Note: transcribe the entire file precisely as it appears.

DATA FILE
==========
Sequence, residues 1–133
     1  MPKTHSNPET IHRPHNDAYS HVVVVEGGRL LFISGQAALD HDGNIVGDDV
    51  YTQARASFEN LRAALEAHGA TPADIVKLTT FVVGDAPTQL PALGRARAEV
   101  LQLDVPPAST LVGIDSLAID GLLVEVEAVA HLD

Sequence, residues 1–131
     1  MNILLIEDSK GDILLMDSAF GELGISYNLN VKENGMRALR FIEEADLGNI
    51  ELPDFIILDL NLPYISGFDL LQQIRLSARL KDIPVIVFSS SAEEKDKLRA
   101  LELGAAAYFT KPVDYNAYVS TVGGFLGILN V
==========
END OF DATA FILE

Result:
Sequence, residues 1–133
     1  MPKTHSNPET IHRPHNDAYS HVVVVEGGRL LFISGQAALD HDGNIVGDDV
    51  YTQARASFEN LRAALEAHGA TPADIVKLTT FVVGDAPTQL PALGRARAEV
   101  LQLDVPPAST LVGIDSLAID GLLVEVEAVA HLD

Sequence, residues 1–131
     1  MNILLIEDSK GDILLMDSAF GELGISYNLN VKENGMRALR FIEEADLGNI
    51  ELPDFIILDL NLPYISGFDL LQQIRLSARL KDIPVIVFSS SAEEKDKLRA
   101  LELGAAAYFT KPVDYNAYVS TVGGFLGILN V